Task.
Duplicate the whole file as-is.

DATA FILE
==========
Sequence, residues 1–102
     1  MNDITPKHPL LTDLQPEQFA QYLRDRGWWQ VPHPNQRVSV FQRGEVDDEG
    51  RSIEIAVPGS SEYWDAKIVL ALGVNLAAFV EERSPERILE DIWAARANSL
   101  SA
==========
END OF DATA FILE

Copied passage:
Sequence, residues 1–102
     1  MNDITPKHPL LTDLQPEQFA QYLRDRGWWQ VPHPNQRVSV FQRGEVDDEG
    51  RSIEIAVPGS SEYWDAKIVL ALGVNLAAFV EERSPERILE DIWAARANSL
   101  SA